BY P. KHAREL
With the communist combine of Khadga Prasad Oli’s UML and Pushpa Kamal Dahal’s Maoist Centre bound for the helm of the state affairs, a quick flashback should be in order for what led to the present which in turn might face in the ensuing times.
Governing is never an easy task; more so in Nepal. The late Ganesh Man Singh knew its challenge immediately after the 1990 restoration of multiparty political system. The no-nonsense leader of Nepali Congress warned: “Now people will ask for jobs, houses, schools and colleges, health services and such other facilities. The government should work fast”
Indeed, for nearly 30 years the Panchayat promised to continuously improve the quality of life for an average Nepali even in the face of political oposition and non-cooperation of multiparty proponents and their sympathisers. During the three decades, supporters of multiparty polity spent much time degrading the “snail-like pace” of progress, which they attributed to the “inherent” nature of the Panchayat that banned the functioning of political parties.
Having been assured of dramatic changes since so long once parties were allowed to operate, the people naturally expected dramatic changes for the better and democratic governance since 1990. Once in power, though, the very politicians who had vowed to bring about sea changes in the living standards of all Nepalis changed tune. The gist of their new argument was: “Changes can’t be brought about overnight. Give us 20 years, and we will make Nepal like Singapore or Switzerland.”
UNFULFILLED PROMISES: When you raise hopes sky high, popular expectations naturally scale equally breathtaking height. Scarce resources and limited technical know-how pose challenging constraints all around. By the end of the 1990s, all major parties had opportunities in power but without any penchant for the delivery of development they had pledged to realise for so long. Instead, the Maoists launched a war that in the course of 10 years claimed 17,000 lives and created severe setbacks to the nation’s development pace.
With the political changes in 2006 and Maoists getting aboard mainstream politics, fresh hopes were raised about Nepal being politically stable and economically prosperous. But things returned to square one. The subsequent and consequent culture of impunity, corruption and rank bad governance during what is styled as “loktantrik” decade rendered Nepalis completely at the mercy of incompetent leaders who have been shamlessly short on integrity.
Elections provide an object lesson. They bundled out a group today, only to embrace it back tomorrow. The acid test, which elections are, calls for not losing any energy for action and intelligence for fresh initiatives.
OPPORTUNITY: Nepalis in general have led a life of resignation in the face of misery, threats and disorder. The 1990s have been a life of insecurity and obscurity for the vast majority of Nepalis. Amid this heart-wrenching mess, a privileged minuscule minority leads a life of prosperity and luxury, without any legitimately known sources to justify it.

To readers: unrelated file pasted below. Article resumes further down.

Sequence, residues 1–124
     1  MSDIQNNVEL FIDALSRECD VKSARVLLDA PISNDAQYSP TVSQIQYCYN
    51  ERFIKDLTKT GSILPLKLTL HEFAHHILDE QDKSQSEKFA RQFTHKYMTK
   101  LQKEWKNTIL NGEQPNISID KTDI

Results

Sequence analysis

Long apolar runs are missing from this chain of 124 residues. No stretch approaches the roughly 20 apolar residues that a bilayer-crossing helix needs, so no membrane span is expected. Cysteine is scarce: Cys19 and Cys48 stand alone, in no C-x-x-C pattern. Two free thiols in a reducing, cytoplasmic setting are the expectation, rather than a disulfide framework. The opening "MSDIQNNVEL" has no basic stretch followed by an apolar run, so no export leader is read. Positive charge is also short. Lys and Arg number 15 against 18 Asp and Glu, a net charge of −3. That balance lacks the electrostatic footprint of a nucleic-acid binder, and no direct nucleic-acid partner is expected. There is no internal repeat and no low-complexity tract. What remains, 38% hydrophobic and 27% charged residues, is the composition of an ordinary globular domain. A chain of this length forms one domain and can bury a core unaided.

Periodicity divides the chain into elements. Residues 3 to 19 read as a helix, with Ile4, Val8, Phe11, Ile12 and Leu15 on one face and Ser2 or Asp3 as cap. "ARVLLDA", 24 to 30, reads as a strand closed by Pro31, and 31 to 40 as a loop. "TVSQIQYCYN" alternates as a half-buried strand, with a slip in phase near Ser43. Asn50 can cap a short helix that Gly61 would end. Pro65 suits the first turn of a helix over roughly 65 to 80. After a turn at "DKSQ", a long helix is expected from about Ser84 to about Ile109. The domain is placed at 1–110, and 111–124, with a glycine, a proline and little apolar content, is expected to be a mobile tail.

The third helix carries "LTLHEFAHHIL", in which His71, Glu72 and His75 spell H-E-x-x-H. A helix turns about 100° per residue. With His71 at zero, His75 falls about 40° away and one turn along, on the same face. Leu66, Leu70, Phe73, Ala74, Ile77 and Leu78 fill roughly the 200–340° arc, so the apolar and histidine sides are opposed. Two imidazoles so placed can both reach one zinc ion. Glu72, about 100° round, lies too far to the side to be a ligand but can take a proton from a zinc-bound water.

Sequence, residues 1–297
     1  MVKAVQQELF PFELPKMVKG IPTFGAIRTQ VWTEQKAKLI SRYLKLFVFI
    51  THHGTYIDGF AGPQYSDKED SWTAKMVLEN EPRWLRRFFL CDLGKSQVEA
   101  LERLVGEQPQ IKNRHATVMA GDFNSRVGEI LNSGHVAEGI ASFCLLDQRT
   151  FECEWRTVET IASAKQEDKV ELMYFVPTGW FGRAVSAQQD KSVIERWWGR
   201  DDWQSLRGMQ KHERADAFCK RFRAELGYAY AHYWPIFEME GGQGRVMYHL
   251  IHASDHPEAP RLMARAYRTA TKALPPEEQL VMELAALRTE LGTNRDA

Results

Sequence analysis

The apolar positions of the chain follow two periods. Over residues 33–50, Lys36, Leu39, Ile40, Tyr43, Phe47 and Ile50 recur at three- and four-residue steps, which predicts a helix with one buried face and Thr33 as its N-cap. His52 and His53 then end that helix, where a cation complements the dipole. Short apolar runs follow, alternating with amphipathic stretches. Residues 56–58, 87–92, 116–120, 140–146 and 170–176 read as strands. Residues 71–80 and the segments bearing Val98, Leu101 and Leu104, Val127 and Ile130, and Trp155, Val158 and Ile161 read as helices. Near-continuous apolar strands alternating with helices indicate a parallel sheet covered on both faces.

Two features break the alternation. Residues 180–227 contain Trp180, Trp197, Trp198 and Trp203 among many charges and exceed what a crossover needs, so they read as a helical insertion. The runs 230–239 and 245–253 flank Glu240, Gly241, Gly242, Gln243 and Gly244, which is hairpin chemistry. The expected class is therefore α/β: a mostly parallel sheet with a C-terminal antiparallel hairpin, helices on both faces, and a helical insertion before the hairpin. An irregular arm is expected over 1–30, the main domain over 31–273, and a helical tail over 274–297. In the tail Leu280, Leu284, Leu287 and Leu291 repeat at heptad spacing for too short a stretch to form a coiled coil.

Led by K.P. Oli and Pushpa Kamal Dahal respectively, CPN (UML) and Maoist Centre scored decisively in the recent elections because of the utter failure on the part of rival parties to get their acts together and think sense. The alliance formed between the two largest communist parties was a pulloff that stunned the Nepali Congress and its president Sher Bahadur Deuba who was donning the mantle of premiership for the fourth lacklustre time.
RPP learnt the lesson of how not to lose sight of its ideals and blur previous pledges so that its identity remained intact. Falling for the immediate prospects of small gains cost the party of former panchas dearly.
It is only cronyism and opportunists who suggest nothing is impossible in politics. Loktantrik constituents need to keep their own house democratised and transparent to their workers. The Leftist government can swim or sink, depending upon its zeal for and commitment to economic prosperity that has eluded Nepalis since almost three decades. Restoring Nepal’s image as a proactive non-aligned nation assertive of its sovereignty is a challenge that has been aggravated in the loktantrik years as leaders gave free hand to foreign interests.
NC and partners are currenly of melancholy cast. They need not be so. Their recent debacle is an opportunity to attract, lead and hold non-leftist forces. I had reminded RPP-Nepal’s central committee members, in a lecture on political communication, nearly a decade ago that their worst was over; they would only move up, which they did in the pervious elections. RPP this time, however, suffered devasting defeat because of the blurring of its identity and core values that got sidelined when its leaders got seated in power and faintly revived when out of it.
Aggressive but responsible image is what NC and other so-called loktanrtik parties need to tone up. Their plan s and programmes should be clear and made known to the public should come in good stead for those who are in a temporary period of immense gloom right now.
Don’t Delay Delivery Any More
BY P. KHAREL